Wednesday, October 22, 2014


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EU Leaders Warn Of Tough Budget Talks

German Chancellor Angela Merkel (left) said national positions were "still quite apart."
German Chancellor Angela Merkel (left) said national positions were "still quite apart."
By RFE/RL
BRUSSELS -- EU leaders gathering for a two-day summit in Brussels are warning of tough talks on a new seven-year budget for the 27-member bloc.

U.K. Prime Minister David Cameron said there would be no agreement at the summit without further spending cuts.

German Chancellor Angela Merkel said national positions were "still quite apart."

European Council President Herman Van Rompuy called for compromise.

"We need a budget for the future, with a clear focus on growth, innovation and creating jobs, especially for young people. We need a budget of moderation, taking into account difficult fiscal realities across Europe and providing value for money and we need a budget for pressing concerns, fighting unemployment, supporting the efforts of those worst affected by the crisis in Europe and playing our role in tackling global risks."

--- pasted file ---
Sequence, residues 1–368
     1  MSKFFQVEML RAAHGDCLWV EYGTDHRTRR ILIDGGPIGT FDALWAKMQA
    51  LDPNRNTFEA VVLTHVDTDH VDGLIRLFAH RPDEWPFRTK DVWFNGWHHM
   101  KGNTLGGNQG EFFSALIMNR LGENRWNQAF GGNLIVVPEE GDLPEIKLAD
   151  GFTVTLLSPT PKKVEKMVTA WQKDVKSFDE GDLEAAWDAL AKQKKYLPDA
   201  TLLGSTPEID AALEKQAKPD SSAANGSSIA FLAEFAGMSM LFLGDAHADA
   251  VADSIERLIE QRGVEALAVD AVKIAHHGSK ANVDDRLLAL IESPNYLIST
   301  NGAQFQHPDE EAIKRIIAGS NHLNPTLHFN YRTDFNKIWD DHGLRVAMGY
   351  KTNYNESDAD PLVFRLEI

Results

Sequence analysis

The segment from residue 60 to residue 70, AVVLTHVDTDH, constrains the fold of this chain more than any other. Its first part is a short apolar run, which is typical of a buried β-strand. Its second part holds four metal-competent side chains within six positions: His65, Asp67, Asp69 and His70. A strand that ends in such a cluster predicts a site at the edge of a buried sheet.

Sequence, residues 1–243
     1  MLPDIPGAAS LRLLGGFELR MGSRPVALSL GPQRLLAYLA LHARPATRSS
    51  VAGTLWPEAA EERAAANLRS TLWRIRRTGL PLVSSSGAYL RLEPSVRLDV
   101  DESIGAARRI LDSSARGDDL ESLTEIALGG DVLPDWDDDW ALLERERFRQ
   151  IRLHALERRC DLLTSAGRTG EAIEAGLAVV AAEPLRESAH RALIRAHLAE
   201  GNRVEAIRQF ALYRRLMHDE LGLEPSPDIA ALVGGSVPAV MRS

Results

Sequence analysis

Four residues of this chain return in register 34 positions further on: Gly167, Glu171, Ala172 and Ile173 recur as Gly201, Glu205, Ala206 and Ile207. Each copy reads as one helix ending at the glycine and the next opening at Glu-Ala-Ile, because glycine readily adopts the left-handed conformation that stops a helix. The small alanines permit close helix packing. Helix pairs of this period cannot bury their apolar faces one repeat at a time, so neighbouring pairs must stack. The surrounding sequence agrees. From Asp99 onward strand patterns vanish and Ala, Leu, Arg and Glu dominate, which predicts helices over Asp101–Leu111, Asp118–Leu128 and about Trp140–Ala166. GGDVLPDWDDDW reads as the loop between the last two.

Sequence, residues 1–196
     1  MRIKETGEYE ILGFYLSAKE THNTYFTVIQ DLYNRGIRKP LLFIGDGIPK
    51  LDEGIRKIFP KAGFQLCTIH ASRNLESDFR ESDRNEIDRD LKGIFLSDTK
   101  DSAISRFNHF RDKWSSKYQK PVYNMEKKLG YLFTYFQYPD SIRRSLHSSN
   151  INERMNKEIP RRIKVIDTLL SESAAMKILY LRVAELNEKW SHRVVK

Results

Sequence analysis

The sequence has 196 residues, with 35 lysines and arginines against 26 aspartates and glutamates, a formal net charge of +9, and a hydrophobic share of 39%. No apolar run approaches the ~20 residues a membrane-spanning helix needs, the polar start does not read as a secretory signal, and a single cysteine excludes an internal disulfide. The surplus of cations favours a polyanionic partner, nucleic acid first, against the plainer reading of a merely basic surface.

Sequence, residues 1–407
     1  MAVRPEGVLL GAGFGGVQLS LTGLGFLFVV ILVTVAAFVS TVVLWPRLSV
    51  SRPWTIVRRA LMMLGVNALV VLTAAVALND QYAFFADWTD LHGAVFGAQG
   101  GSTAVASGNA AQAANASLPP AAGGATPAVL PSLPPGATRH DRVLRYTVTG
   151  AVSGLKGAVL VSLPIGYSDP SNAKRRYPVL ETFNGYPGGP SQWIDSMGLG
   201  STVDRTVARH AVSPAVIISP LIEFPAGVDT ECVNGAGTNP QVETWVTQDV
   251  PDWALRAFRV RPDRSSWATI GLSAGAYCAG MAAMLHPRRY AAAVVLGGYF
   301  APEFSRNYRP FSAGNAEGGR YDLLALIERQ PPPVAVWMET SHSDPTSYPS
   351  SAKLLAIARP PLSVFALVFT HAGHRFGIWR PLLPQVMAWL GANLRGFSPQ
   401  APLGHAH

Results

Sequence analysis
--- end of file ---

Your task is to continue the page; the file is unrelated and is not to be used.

The start of the summit on February 7 was delayed for several hours to allow for further bilateral talks to seek compromise.

Britain, Germany, and other northern states insist on lower EU spending to reflect national spending cuts.

Southern and eastern states want funding to continue that supports poorer member states.

The 1.02 trillion-euro ($1.35 trillion) budget originally proposed by the European Commission has already been cut back to 943 billion euros ($1.25 billion).

Explainer: Complex Budget Talks For Inward-Looking EU

With reporting by BBC, dpa, and AP

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